PR is absolutely fabulous
The PR profession leaves itself regualrly open to multiple forms of abuse from the media and others. The barriers to offering ‘PR’ services have always been low and the advent of the Internet has lowered them even further. The other problem for PR is the breadth of its service.
PR is employed in every field of commercial (and non-commercial) endevour. From Haute Couture to nanotechnology, PR people work hard to promote their clients’ brands. Many of these sectors demand fundamentally different type of PR activities, so different in fact, they might as well be different professions. And that’s the problems.
People typically group us all together in whatever PR-field they percieve PR. For many it’s the Absolutely Fabulous, gin and tonic swilling party-goer, for others it’s the percieved sinister political spinning. Like any profession these are the extremes, not the norm.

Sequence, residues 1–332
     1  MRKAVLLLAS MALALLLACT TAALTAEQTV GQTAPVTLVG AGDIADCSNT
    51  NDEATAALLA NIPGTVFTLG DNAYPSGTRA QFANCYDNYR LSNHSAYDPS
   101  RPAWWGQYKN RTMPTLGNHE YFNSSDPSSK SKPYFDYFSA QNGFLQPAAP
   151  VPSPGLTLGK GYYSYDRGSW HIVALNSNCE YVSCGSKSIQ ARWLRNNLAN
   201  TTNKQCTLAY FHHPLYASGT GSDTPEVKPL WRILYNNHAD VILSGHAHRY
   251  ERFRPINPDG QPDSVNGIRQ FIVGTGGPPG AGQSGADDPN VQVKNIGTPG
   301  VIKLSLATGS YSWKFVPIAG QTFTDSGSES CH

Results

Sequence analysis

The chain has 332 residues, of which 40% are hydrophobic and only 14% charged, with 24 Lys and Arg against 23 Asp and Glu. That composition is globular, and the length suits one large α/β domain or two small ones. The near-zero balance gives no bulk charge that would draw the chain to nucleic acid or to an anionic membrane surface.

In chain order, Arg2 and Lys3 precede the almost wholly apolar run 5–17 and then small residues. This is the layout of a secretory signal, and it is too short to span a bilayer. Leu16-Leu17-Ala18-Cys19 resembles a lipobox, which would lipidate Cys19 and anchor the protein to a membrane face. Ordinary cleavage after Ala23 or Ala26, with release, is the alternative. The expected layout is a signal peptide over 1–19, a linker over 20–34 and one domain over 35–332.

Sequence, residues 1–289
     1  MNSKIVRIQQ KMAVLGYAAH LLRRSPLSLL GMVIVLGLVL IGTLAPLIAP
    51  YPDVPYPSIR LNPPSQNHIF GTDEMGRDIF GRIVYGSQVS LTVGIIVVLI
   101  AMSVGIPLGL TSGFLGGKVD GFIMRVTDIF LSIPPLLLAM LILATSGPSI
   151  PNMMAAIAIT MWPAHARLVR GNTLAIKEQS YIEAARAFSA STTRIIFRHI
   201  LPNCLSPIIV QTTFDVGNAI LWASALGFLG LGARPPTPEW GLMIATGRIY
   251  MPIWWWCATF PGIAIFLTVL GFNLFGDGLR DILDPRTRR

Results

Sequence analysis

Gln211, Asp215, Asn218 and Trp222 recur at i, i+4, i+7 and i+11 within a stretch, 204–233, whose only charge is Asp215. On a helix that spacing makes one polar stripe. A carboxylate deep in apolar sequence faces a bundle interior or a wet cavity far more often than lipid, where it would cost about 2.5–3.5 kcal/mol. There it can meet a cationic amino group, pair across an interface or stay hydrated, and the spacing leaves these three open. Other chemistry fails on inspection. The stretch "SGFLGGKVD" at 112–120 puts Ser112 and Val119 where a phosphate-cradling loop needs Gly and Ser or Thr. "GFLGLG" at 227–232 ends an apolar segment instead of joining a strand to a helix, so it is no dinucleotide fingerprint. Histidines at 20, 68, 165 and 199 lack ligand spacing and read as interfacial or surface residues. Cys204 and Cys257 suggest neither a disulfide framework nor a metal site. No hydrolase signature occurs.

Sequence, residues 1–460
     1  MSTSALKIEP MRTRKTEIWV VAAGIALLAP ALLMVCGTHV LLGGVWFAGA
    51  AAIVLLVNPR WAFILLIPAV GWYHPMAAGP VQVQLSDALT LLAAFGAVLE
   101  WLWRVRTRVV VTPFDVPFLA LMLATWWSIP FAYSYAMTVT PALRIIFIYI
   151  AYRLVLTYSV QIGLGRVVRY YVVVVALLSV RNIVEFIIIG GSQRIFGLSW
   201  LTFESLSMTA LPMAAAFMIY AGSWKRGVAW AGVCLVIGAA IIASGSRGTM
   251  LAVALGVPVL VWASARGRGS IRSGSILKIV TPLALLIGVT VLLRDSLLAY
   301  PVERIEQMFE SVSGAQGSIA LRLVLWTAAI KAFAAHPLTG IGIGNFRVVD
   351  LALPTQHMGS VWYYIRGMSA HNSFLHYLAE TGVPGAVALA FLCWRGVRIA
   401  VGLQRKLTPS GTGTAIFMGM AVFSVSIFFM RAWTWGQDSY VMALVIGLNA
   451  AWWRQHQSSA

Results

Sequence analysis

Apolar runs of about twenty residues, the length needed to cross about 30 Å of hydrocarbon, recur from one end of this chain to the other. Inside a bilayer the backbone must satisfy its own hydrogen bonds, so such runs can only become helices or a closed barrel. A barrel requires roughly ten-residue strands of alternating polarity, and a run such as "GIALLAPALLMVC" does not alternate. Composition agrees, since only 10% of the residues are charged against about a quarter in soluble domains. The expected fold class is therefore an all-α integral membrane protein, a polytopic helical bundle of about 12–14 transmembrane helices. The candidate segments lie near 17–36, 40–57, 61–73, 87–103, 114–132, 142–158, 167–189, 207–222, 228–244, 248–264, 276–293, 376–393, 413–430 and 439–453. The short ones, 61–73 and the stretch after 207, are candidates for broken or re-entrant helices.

I found an article (registration required) in last week’s UK Sunday Times that made my blood boil. It’s a piece of journalism that illustrates why some journalists need to get their own house in order before they high-handedly attack PR people. The article, and I use the word advisedly focuses completely on the world of ‘fashion’ PR. It doesn’t explore the diversity of PR, just focuses on parties and giveaways. In summary it doesn’t in any way reflect the career I have worked hard in and enjoyed for well over a decade.
Yet while it only represents one small piece of the PR industry, it purports to profile ‘PR’ as a profession. There’s no balance, no third party views.
Its a great example of a journalist, who in attempting to mount a crusade against a profession on the basis that it’s lightweight and fickle has in her efforts highlighted the fact that her own profession is not without reproach when it comes to standards.